To Dub or Not to Dub
With each album, New York-based Dub Trio stray further and further from the musical genre identified in their name. On their latest, IV, these accomplished musicians flex their power-metal muscle with 40 minutes of “instru-metal” compositions accented by effects and rare dub-istry instead of reggae-beat DJ-loop numbers.
Guitarist D.P. Holmes, bassist Stuart Brooks, and drummer Joe Tombino work individually as session players by day, having recorded with the likes of The Fugees, Common, and Macy Gray. Together they craft sludgy doom-metal numbers. Each tune on IV contains little surprises—a quick stutter here, a split-second of utter silence there—to remind you that the band are more than three guys playing instruments.
The album begins with “En Passant,” which starts as a canon but changes into a Fugazi-like bass/drum pedestal, each measure with its own colorful electronically enhanced bit thrown in. The end of “Swarm” sounds like something inspired by Louder than Love-era Soundgarden. When we reach the fifth number, the metal edge is given a rest in synth-driven “Ends Justify the Means.”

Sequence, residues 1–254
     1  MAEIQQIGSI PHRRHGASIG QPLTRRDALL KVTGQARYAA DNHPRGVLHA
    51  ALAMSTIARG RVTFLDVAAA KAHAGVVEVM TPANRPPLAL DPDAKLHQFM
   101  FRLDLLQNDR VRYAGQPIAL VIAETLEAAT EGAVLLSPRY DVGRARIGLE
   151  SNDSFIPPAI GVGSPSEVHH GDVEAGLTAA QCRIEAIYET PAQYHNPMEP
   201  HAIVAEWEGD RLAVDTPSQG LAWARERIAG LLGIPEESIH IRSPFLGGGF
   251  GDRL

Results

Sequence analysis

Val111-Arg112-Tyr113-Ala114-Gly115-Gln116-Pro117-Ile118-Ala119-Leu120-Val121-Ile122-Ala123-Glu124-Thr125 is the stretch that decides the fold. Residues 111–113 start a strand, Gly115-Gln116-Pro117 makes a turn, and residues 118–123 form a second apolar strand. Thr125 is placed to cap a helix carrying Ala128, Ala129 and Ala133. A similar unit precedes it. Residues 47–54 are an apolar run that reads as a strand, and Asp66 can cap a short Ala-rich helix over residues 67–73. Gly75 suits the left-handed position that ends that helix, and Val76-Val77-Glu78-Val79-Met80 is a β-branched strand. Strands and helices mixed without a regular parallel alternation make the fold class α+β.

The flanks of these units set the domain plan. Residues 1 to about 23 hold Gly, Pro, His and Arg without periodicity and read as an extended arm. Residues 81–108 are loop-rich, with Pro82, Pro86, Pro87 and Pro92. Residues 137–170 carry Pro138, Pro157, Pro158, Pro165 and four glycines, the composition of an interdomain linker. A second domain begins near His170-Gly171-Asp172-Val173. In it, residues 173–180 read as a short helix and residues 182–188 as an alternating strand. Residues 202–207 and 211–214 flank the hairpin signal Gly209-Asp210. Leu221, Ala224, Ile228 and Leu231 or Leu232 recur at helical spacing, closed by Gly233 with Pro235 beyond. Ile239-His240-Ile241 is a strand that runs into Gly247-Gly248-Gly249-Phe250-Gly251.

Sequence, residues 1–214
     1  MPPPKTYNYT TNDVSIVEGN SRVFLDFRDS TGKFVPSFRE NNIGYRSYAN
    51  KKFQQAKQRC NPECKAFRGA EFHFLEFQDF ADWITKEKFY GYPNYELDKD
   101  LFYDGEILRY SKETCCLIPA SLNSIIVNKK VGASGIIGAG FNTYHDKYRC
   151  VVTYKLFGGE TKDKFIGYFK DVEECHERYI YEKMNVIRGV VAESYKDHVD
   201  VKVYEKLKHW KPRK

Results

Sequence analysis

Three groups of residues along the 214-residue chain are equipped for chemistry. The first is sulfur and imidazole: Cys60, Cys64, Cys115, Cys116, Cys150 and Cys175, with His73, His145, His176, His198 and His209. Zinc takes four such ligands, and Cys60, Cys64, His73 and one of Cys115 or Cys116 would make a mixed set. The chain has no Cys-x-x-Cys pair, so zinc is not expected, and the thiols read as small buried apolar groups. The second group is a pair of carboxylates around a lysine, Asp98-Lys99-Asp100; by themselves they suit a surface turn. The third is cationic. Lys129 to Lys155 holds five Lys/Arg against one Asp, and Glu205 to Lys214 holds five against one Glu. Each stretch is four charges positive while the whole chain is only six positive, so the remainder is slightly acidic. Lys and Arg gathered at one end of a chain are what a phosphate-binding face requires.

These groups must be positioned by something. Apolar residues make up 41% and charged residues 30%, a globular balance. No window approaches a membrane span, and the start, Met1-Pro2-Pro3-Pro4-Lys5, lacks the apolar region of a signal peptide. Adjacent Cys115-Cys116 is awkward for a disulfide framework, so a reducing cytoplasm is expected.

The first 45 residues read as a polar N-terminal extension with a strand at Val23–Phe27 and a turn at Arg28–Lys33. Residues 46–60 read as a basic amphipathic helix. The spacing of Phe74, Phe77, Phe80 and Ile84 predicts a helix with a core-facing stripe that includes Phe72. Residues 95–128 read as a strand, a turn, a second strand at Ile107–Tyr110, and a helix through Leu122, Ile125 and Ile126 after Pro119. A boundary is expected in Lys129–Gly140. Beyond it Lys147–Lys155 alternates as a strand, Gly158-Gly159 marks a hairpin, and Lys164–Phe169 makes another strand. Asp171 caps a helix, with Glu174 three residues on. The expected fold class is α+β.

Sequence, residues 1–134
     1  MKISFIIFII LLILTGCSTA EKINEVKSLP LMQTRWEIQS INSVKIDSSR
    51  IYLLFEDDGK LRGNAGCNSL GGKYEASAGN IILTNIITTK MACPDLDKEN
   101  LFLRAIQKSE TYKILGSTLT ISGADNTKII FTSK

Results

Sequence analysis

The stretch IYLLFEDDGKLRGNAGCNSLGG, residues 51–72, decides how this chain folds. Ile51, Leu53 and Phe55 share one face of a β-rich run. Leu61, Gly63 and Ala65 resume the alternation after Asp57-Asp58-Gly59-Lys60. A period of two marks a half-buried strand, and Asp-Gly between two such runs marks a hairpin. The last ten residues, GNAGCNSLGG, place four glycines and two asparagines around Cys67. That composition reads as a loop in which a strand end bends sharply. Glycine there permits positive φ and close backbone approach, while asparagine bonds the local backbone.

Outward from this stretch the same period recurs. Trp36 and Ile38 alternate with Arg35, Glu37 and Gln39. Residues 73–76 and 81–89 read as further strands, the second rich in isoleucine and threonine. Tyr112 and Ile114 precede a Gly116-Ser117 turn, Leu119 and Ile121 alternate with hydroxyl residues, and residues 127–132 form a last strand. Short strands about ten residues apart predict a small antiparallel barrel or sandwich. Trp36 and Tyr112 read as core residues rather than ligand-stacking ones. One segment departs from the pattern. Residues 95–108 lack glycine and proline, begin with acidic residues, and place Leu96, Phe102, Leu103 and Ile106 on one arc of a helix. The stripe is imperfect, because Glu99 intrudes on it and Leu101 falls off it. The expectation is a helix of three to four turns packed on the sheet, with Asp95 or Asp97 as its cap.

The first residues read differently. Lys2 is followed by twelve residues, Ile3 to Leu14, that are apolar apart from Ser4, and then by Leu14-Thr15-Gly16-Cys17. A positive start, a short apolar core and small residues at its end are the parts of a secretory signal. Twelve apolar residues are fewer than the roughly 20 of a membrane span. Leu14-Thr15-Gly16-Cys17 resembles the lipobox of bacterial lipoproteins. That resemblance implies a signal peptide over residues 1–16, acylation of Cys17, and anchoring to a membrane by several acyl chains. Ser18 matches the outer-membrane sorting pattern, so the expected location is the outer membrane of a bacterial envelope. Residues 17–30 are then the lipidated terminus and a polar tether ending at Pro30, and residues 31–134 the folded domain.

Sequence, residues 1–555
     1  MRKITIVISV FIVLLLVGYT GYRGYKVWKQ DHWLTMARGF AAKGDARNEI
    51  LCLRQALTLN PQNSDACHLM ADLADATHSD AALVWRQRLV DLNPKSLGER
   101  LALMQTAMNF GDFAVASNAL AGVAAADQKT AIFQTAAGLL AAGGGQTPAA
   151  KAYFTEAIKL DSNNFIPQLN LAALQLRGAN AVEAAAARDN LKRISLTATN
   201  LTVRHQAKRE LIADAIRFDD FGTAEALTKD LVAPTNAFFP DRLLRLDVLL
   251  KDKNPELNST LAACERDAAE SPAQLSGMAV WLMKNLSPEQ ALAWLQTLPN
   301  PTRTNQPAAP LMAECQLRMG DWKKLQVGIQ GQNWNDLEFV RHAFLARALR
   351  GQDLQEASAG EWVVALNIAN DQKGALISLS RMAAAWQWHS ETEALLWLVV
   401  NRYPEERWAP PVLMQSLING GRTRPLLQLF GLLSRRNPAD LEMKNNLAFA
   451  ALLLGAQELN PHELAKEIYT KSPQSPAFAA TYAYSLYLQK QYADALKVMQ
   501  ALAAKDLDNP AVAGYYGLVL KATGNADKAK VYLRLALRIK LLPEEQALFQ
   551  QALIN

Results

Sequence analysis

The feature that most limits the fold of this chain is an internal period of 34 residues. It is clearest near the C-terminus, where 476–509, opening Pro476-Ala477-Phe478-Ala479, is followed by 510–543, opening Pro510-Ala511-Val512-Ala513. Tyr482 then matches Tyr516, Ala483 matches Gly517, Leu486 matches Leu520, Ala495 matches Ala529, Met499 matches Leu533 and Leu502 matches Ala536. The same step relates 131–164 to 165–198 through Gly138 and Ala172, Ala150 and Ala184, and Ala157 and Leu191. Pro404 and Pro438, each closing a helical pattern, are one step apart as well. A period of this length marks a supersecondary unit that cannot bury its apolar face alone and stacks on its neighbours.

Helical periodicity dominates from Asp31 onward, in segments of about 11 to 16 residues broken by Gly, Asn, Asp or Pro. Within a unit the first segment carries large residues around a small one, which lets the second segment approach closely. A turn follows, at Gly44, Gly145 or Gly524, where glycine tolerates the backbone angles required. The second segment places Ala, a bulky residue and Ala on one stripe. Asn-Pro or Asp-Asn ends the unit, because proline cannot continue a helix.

After that, IV gets more varied. “Words” is a brief Sabbath-y interlude. “1:1:618” arranges different sound effects into a slow beat. The album ends with the 9-plus-minute “Thousand Island Stare,” which brings all of these elements together. Fans of dub will either praise the Trio’s ingenuity or blaspheme them for straying so far. Fans of Dub Trio already get it, and will no doubt enjoy IV as a suitable successor to 2008’s Another Sound is Dying.